Children's Health

Got a new grandkid? Get vaccinated against whooping cough.

Are you preparing for the arrival of a new grandchild? If so, make sure you’re vaccinated against pertussis, also known as whooping cough. Why? Well, pertussisis a highly contagious disease that can be deadly in infants—and kids can’t get their first vaccination shot against the disease until they are at least 6 weeks old, and the full series until they are 18 months old, making them especially vulnerable. And some older people may have a mild form of the disease and not even know it, meaning they could transmit it to a new grandchild through a cough or sneeze, or even by blowing a kiss.

“The source of the pertussis bug is family members, because they get it and bring it to the infant,” says William Schaffner, M.D., professor of preventive medicine at Vanderbilt University School of Medicine in Nashville, Tenn. The best way to protect infants, he says, is to make sure everyone who touches them has been vaccinated. “The concept is to create a cocoon of protection around that infant,” Schaffner says.

Find out if you need a shingles booster shot and whether it's a good idea to get vaccinated at the pharmacy.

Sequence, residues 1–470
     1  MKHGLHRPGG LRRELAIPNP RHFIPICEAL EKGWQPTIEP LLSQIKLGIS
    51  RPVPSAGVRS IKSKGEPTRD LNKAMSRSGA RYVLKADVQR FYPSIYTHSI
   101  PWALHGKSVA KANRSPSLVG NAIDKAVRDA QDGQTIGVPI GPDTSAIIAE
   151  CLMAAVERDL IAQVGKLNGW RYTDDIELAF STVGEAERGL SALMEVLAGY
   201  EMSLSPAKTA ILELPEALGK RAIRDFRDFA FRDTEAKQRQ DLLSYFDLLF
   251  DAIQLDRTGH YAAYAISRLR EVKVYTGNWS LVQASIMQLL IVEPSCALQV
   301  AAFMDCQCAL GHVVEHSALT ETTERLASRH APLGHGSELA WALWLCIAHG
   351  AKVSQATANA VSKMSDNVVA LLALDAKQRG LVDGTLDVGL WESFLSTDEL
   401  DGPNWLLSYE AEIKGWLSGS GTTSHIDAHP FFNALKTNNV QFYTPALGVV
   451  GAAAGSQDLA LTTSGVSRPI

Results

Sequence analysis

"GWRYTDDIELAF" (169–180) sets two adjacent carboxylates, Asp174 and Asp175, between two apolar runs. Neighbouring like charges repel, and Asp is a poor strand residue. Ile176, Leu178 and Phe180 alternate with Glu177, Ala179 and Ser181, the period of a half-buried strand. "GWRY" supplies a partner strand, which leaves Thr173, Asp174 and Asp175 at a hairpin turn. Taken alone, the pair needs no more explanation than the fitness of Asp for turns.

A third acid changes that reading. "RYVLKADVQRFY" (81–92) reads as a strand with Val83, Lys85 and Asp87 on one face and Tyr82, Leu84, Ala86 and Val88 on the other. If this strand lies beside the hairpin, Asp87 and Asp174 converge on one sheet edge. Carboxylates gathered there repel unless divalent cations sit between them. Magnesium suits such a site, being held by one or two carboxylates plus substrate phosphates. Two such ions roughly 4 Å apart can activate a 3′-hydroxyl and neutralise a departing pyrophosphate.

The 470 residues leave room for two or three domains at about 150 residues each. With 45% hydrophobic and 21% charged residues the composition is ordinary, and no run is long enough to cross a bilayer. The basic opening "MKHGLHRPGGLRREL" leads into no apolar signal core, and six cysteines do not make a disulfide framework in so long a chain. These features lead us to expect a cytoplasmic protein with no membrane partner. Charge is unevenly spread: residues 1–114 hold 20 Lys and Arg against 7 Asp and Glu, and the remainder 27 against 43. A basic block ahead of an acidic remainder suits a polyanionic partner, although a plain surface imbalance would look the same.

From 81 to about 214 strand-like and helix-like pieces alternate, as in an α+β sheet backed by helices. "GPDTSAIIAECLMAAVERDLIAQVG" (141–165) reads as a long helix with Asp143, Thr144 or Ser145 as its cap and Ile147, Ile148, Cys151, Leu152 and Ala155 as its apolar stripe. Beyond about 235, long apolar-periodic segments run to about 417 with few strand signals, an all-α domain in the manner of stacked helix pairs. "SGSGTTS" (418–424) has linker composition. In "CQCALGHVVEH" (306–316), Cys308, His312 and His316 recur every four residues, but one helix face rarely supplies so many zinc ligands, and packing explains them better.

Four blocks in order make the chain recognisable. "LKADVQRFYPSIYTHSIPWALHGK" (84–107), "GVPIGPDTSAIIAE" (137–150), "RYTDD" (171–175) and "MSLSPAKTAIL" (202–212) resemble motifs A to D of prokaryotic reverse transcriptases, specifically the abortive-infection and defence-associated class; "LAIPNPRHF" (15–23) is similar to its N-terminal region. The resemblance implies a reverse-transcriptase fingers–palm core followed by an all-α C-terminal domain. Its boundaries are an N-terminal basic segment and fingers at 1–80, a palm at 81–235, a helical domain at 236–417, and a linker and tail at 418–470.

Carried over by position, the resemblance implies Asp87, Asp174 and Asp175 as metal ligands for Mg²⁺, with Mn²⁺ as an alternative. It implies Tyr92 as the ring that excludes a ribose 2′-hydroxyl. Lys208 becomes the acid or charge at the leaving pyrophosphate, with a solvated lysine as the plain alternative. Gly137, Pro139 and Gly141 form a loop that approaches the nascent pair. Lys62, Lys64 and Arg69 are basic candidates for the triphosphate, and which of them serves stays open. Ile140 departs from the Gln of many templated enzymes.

Older adults are particularly likely to be carriers of the disease in part because they may have been vaccinated against the disease many years ago, so their protection against the disease may have waned. In addition, there have been several outbreaks of the disease among not only children but also adults in recent years, making it more likely that they’ve been exposed to it. So far this year 9,768 pertussis cases have been reported to the Centers for Disease Control and Prevention, still below the 48,277 reported in 2012 (the most since 1955), but still well above average.

The outbreaks are occurring in part because the current pertussis vaccine appears to lose its protective ability over time, and in part because some people are failing to get vaccinated.

To ensure maximum immunity, all adults should make sure they’re up to date. Ask your doctor whether you’ve received the Tdap booster shoot (which protects against not only pertussis, but also tetanus and diphtheria). “If you’re not sure or don’t remember, or it was just a long time ago, you should get it again,” says Marvin M. Lipman, M.D., Consumer Reports’ chief medical adviser. “It’s the best way to make sure you and everyone around you is protected.”

—Lauren Cooper

Copyright © 2005-2015 Consumers Union of U.S., Inc. No reproduction, in whole or in part, without written permission. Consumer Reports has no relationship with any advertisers on this site.